There is, however, a conscious effort made on a great deal of GEMINI to not solely stick to the luscious, funky instrumentals that one would normally expect from a Macklemore album, but this unfortunately rarely amounts to much more than hopping from one trendy style of hip hop production to another, to the point that specific songs to have climbed the charts recently seem to have been completely ripped off at points.  The most brazen example of this would unquestionably have to be Marmalade, which, since its release as the second single from the record, has routinely been compared to D.R.A.M.’s hit single from last year, Broccoli, and for good reason, with both songs featuring the same chinking, staccato piano chords, bubbly trap bass line, a reference to food in the title and even a guest appearance from Lil Yachty.  As such, it’s hard not to place the two side-by-side and, in doing so, Broccoli is far more successful than Macklemore’s derivative Marmalade.  The excessive bounciness to Broccoli is what gives it such an infectious charm, which is boosted by the fact that both D.R.A.M. and Lil Yachty are oozing charisma and chemistry in their performances on the cut.  Marmalade, however, simply seems like a poor man’s version of Broccoli.  The instrumental is deficient in the same loveable buoyancy, with the production, in general, being far less full, deep and rich, whilst Macklemore’s monochrome, disinterested delivery doesn’t hold a candle to the heights of D.R.A.M.’s soulful crooning, just as Lil Yachty is incorporated like any other feature, without any thought given as to how to make the most of utilising such a unique personality.  As GEMINI rattles on and Macklemore continues to lift ideas from his contemporaries, there seems to be an odd conflict of self-awareness present on the more derivative tracks on the album.  Despite rapping on Firebreather that “there’s no father to [his] style”, the MC seems to at least be aware that he’s blatantly pulling influences from other hip hop artists.  For example, the fact that Offset of Atlanta trap trio Migos appears on Willy Wonka seems to be a nod to Macklemore being aware of his adoption of a flow and delivery similar to that of Migos and other trap rappers on this song and other cuts, such as the featureless Ten Million.  Likewise, with a title like How to Play the Flute, it would seem as if the MC is aware of just how similar this track is to fellow flute-driven trap hits such as Future‘s Mask Off or Drake‘s Portland, but he does absolutely nothing interesting with this self-awareness to justify so clearly riding on the coattails of this contemporary zeitgeist.  Indeed, it’s not as if these explicitly imitative cuts offer anything of a higher quality than the songs from which they are so heavily taking cues, instead often suffering from a comparative lack of personality, so this self-awareness comes at no benefit to these endeavours, and only works to clash with Macklemore’s aforementioned claim on Firebreather.

 

This does, however, bring us to the lyrics across GEMINI.  The lyrical content across any record from Macklemore has continued to be the most disagreeable and yet oddly likeable aspect of his artistry.  Although the rapper’s cursory commentary on the current sociopolitical climate of the United States has remained consistently lacking in depth or interesting observations, his previous explorations of his own alcoholism and his criticisms of the music industry have often provided a level of insight that one may mistakenly view him as incapable of offering based on his political tracks alone.  Likewise, although Macklemore has unequivocally earned his title as the king of corniness in hip hop, he has often managed to strike a strange, almost dopey charm in his lyrics at times that, although undoubtedly ineffective on a lot of people, has worked to his benefit in securing a somewhat endearing persona.  These qualities, however, are seldom present on GEMINI, with the MC’s lyrical undertakings over the course of the record, for the most part, amounting to his most insipid, uninspired and perfunctory to date.  Although the attempted relatable or populist angle of Macklemore’s lyrics has rarely been executed with much in the way of profundity, such songs on GEMINI reach previously unattained degrees of desultoriness for the artist.  Intentions bears the brunt of this new level of vapidity, as Macklemore finds himself weighing his ideals against his reality, which amounts to nothing more than the artist proclaiming his desire to have one thing, before acknowledging that his actions work in contradiction to this wish.  At the most mind-numbing of times, this merely leads to the MC repeating himself in bars such as, “I wanna be sober, but I love gettin’ high”, “I wanna get exercise, but I’m too lazy to work out” or, “I wanna eat healthy, but I’ma eat this DiGiornos”, whilst his desires of self-affirmed justice in lines like, “I wanna be a feminist, but I’m still watchin’ porno”, miss the point of why exactly he wishes for this in the first place, instead unnecessarily resorting to mindless self-flagellation.  Other cuts across GEMINI witness Macklemore display an unhealthy narcissism that has rarely shown up in his lyrics this flagrantly in the past.  His tale of a broken relationship on Over It, for instance, in which his ex-girlfriend has moved on but he has not, sees the MC display a worrying sense of attachment, to the point of stalking his ex’s social media accounts, and an unjustified feeling of resentment towards her, even comparing this woman to a terrorist.  Meanwhile, Corner Store offers little more than a smaller scale version of Thrift Shop, whilst Zara witnesses Macklemore list off traits of his partner in a way that seems as if he’s trying to convey her singularity to the listener, but with the rapper largely naming banalities, like her shopping habits and reading preferences, without offering any witty turns of phrases or humorous comments, he fails to convey the degree of endearment for which he seems to be striving.  With Willy Wonka offering only platitudinous braggadocio, whilst the saccharine sentimentality of Good Old Days runs no deeper than the starry-eyed nostalgia that one could infer from its title, GEMINI cultivates the worst and most generic lyricism of any Macklemore project thus far, with the only morsels of charm being confined to the final three cuts of an hour-long, 16-track record.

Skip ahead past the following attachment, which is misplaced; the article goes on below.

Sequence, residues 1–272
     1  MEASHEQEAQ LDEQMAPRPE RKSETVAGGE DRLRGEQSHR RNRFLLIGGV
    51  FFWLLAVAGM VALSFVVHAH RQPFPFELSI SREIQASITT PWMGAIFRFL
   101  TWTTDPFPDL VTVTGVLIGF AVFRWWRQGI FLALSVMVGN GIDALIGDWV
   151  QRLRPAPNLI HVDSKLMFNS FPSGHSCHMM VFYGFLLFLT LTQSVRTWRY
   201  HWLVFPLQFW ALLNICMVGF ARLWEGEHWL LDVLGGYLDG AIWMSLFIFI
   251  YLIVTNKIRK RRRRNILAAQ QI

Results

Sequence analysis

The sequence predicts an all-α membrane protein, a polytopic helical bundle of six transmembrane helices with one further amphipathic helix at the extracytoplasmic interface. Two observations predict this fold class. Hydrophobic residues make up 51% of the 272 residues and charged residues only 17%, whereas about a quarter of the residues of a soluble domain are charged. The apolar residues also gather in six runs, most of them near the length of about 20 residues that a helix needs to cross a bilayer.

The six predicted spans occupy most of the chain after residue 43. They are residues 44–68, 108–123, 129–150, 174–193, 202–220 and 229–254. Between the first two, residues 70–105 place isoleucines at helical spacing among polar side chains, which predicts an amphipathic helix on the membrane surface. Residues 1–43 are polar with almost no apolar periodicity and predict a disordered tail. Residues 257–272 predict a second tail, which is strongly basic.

Although GEMINI is far from completely inexcusable or irredeemable, the salient issue with its production, its performances and its lyrical content all circle back to what comes across as an intrinsic lack of inspiration or enthusiasm.  Given the artistic stakes of the album, with it being Macklemore’s chance to prove that he’s not entirely dependent on the bedrock provided by Ryan Lewis’ production, the MC should have had all the motivation in the world to prove his worth on his own terms, but the record comes up short on all fronts in this regard.  Whilst there are stand-out moments on both an instrumental and lyrical basis, in the cases of Levitate and Excavate respectively, such moments are overshadowed by the astonishing mediocrity that engulfs the rest of the record, with there barely even being present any of the musician’s usual goofy charm to guide him in his state of treading stylistic water.  Indeed, Macklemore has unfortunately proven that he struggles to fend for himself without the support of Lewis’ extravagant and glossy production style, with GEMINI not necessarily displaying growing pains for the artist, but a complete inability to grow in the first place.

 

The Vinyl Verdict: 4.5/10